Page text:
Ernest Hemingway’s great short story, “In Another Country,” speaks in a very understated manner of the horrors of war, from the setting of a hospital near the front. There is a great deal of Hemingway’s style in this same setting, in “Encounters on the Front Line: a Cambodia Memoir,” as Elaine Harvey deftly and kindly understates much of what she saw in Cambodia, as she tended to the sick and injured both during the terrible border wars there at the time of the fall of Pol Pot and later when she returns to recapture what it was that compelled her to originally go to this country and its beautiful people. We are spared the details but her gentle prose evokes our sympathy and our imagination.

    But perhaps the more soaring moments are when her personal voice breaks through and we hear the strains of her heart as she begins to let us know what might be the source of her sympathy and her compulsion to help and to heal. Perhaps there is something in her motivation that may be a sense of duty or of work more than a desire to change the world. It is touching in its simplicity and elegance.

    As we begin to get a feel for this work, this woman and this place, it is the understated nature of her story that begins to open the larger, very human and humane, questions. Why do she and the best friend nurse companion of her first trip not remain in touch once they return to Canada? And, why upon her return do the successive healing missions she voluntarily undertakes, in order to establish a more meaningful connection, come to rather abrupt ends. What makes her attracted to the stoically private Italian doctor?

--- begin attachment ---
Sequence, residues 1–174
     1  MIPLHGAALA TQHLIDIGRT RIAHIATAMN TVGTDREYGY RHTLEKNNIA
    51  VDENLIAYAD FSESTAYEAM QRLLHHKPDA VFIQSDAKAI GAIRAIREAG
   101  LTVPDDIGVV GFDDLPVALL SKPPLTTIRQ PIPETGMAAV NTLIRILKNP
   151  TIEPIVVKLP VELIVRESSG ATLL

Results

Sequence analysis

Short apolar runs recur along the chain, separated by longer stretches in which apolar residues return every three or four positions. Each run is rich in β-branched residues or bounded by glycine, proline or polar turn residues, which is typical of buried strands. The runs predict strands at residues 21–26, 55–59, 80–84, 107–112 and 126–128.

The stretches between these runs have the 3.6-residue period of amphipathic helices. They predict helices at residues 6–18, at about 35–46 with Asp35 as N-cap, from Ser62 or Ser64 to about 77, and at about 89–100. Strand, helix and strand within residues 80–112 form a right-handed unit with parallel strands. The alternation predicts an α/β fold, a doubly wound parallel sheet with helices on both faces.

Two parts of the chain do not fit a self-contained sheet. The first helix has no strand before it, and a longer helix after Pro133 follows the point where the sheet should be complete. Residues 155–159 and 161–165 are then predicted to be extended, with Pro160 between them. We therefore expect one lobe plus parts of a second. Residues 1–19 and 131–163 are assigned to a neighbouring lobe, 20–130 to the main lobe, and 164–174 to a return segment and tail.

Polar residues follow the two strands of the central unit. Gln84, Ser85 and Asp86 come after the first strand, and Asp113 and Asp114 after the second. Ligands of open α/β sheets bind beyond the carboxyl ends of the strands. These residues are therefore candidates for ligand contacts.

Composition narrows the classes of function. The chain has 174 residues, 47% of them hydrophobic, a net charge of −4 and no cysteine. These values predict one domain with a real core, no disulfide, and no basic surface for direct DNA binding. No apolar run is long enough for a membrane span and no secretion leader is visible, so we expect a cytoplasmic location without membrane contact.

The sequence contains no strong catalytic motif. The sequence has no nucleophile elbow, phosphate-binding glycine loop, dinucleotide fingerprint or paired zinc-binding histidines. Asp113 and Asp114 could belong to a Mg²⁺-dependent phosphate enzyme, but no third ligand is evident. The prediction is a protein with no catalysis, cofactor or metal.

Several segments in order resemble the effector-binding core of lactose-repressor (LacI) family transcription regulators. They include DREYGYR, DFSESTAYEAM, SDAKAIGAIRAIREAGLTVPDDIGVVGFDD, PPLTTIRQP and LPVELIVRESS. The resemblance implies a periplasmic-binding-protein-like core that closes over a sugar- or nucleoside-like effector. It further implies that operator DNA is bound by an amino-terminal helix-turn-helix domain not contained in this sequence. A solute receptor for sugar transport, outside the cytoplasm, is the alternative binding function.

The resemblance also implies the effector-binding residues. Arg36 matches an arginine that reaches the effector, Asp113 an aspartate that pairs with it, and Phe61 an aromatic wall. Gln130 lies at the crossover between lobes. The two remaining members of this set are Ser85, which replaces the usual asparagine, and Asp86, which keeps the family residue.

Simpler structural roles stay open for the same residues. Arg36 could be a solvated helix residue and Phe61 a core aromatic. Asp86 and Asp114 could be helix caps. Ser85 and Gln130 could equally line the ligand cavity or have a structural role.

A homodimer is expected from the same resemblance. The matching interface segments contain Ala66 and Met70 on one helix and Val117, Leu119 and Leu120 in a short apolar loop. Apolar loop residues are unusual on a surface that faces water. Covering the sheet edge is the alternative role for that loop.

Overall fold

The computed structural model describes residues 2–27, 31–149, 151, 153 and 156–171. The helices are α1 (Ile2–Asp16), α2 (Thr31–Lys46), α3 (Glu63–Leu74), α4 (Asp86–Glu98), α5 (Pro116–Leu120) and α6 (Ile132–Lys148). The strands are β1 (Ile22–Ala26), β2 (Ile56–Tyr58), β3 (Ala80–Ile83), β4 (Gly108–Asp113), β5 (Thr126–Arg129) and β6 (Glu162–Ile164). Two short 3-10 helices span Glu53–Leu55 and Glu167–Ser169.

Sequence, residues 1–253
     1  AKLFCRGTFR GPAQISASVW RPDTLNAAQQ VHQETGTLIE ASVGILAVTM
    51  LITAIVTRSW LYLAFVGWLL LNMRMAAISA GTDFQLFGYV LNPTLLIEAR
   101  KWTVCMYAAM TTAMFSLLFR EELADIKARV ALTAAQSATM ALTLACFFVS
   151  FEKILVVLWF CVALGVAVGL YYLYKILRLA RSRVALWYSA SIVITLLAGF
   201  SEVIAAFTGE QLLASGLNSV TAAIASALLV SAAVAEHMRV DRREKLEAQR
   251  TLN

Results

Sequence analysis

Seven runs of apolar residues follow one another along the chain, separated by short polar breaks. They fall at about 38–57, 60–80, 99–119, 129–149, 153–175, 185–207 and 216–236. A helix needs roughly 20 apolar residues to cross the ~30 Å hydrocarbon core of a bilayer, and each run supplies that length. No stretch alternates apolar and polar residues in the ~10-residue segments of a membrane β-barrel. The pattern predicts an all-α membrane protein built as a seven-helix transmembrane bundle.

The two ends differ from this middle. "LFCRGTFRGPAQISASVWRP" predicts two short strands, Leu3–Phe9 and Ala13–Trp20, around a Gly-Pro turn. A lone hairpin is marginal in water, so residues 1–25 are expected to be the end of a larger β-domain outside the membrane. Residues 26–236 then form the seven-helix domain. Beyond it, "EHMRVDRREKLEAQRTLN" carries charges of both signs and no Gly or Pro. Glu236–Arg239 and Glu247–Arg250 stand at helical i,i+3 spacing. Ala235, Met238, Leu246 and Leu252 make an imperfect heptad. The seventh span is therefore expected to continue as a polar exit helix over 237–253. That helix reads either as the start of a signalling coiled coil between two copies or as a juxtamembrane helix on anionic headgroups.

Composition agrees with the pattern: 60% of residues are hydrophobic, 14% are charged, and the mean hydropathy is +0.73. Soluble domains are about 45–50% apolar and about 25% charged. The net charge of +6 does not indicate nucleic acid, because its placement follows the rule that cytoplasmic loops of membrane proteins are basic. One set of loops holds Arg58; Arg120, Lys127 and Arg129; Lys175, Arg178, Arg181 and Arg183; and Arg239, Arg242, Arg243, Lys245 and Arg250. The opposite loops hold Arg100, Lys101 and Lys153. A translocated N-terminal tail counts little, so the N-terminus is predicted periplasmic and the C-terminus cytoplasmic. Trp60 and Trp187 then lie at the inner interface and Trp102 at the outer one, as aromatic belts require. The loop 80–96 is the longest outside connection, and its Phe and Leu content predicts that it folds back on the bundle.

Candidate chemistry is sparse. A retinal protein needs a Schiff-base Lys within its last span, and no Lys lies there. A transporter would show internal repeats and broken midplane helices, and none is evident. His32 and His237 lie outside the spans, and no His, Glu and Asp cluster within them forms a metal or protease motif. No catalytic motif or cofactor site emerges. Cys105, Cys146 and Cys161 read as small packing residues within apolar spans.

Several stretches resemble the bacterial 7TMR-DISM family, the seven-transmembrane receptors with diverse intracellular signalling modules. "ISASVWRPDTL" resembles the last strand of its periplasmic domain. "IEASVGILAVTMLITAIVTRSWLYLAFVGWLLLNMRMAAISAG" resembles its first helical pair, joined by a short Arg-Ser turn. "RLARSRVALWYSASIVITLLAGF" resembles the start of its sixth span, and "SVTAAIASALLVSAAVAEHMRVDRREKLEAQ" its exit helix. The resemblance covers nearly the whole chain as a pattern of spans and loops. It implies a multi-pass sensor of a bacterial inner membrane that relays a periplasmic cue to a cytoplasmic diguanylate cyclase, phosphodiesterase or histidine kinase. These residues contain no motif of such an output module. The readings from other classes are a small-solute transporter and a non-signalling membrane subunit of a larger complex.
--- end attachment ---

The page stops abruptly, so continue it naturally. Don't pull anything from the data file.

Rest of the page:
– Gerald Weaver, Amazon Reviewer

  3. 5 out of 5


    Wow!!! I have just finished Encounters On The Front Line and it is a captivating piece. The story is divided into three sections and I will comment on each.
    Book I is powerful in all respects—emotion and language, societal and personal, poetic yet factual—the suffering, the evil, the efforts at counter balance. It is at once, depressing and uplifting. People have become aware of the Pol Pot regime’s butchery in Cambodia and many have heard of the Killing Fields, but do people understand the extent of the danger and the sorrow which followed?
    In Book II the pace changes, which is a good thing as the first part keeps the reader on the edge of a knife. It is about the writer’s going back. Life unfolded as it normally does and there was a time between the first and second encounter. Events that truly mark us require assimilation and this, generally, is not an overnight process. It shows us the war might seemingly be won, but things are far from stable, that there remains a surfeit of poverty and inadequate health care and politicians bereft of compassion. The Front Line has simply shifted. There are more encounters. There is so much healing required.